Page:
With the latest eruption of the Covid-19 crisis, powerful emotions are evoked. Adults and children alike feel uncertainty, anxiety and fear.
As parents, it is our job to help our children develop tools to calm and encourage themselves while teaching them to socialize. Here is how you can help keep your child’s anxiety at bay, especially if you are unable to send your child to daycare for socialization at this time.
Regardless if your child goes to a daycare or preschool, they look up to us for guidance and solace – especially when it comes to anxiety! It’s a scary feeling for adults who know what it is; imagine how a toddler or elementary school child feels.
How to Keep Your Child’s Anxiety At Bay
Work on Emotion Recognition
Already in early childhood children learn how to pay attention, recognize and calm their emotions. It is a learning process that lasts a lifetime. Emotions can overwhelm us all, but for young children the emotional effect may be particularly uncontrollable. They may have difficulty understanding their emotions and feelings, such as butterflies in the stomach or dizziness.
Children trust us, the adults, to understand what they are feeling and what their emotion means. Try to be curious about your child’s feelings along with them. Ask them what is going on in their body right now and if they can name the feeling they are feeling. A child’s anxiety can show in many forms.
Along with learning to recognize emotions, it is important that children learn that there are no right and wrong emotions. Emotions are just there. No matter how painful or powerful an emotion is, it is okay and acceptable to experience it.
You can help your child understand their emotions. As children learn to handle their emotions, it helps them reduce the intensity of the emotion, and helps them trust their ability to regulate them.
Find Ways to Calm Your Child Down
Help your children discover activities that can help them relax or feel better. The means that help each child are completely individual and depend on the specific situation he is in, and also on his preferences. Therefore, try to explore together all kinds of activities.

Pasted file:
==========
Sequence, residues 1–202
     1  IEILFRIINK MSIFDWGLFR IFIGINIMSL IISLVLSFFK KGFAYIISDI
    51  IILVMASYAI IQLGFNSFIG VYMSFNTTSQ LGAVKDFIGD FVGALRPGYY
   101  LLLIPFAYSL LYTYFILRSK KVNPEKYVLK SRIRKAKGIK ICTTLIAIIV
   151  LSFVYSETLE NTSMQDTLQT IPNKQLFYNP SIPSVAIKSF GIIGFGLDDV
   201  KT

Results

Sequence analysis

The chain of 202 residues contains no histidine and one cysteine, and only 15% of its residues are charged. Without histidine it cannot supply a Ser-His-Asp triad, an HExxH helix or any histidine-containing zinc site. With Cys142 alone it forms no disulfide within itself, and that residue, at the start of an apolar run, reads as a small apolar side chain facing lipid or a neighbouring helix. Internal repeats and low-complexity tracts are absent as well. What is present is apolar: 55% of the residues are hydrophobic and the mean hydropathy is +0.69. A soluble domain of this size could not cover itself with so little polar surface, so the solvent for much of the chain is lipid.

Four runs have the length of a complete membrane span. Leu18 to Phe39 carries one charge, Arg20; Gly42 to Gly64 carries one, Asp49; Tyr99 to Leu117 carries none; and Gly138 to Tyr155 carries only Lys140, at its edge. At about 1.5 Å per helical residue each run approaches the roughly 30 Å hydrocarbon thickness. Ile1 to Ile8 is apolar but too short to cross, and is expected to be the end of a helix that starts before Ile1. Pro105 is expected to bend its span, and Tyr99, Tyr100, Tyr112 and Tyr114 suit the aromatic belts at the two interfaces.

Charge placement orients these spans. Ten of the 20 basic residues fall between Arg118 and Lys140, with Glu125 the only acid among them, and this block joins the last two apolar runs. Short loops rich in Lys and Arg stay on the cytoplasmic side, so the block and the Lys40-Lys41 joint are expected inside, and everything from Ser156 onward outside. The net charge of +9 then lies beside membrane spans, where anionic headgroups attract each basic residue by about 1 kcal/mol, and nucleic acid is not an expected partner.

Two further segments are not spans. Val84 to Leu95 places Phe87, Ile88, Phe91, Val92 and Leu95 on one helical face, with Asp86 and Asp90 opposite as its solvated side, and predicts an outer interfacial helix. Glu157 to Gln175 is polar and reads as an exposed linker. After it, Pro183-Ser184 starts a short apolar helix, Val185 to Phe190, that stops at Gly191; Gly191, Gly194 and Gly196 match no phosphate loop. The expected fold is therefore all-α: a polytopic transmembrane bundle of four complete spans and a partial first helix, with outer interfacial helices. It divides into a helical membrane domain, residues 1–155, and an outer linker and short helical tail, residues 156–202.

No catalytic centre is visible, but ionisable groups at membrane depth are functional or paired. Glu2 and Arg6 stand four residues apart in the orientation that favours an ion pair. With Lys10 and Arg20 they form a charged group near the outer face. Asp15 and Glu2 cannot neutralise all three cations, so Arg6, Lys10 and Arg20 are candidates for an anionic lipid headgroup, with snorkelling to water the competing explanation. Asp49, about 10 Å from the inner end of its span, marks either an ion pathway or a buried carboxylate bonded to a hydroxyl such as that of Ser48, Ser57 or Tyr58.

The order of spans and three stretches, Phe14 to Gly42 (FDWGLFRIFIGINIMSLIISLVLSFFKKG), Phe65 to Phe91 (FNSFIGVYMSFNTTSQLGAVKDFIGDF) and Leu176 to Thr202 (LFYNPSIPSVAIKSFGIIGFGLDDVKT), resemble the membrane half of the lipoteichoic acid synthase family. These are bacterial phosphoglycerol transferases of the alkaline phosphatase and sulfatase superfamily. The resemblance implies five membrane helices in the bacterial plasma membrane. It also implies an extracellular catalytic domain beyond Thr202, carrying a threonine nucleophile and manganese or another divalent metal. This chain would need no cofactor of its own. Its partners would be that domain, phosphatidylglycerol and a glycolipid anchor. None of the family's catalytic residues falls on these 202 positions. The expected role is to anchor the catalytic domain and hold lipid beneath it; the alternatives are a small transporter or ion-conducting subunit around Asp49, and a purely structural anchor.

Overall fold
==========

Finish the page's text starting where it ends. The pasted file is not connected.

Sit with your child and:
- Color together, opening up dialogue
- Listen to music
- Work on an art project together
- Go for a walk or swim
Try to Adopt a Positive Self-Discourse
Trying to identify how we speak to ourselves is another important lesson. Help your child understand how powerful their inner voice is. This is the first step to teaching them how to talk to themselves in a positive way.
When we talk to ourselves in a negative way, we often feel worse, which makes it harder for us to face challenges. So, we feel even worse because we failed, retired and did not meet the challenge. Help your child pay attention if they speak insultingly or disparagingly to themselves – this will only add to the child’s anxiety.
Be Sure to Set a Personal Example for Coping
As parents, we often tend to see the needs of our children before our own needs. But, it is also important to be a model for the children, and show them how we deal with difficult situations.
If you are dealing with a challenging situation that suits your child to hear, try to name the feeling you are feeling and then describe to your child how you plan to deal with it. For example: ‘I feel sad because I had a hard day at work. I’m going to take a hot shower and take the dog for a walk to feel better.”
What tips do you have to quell your child’s anxiety? I’d love to know!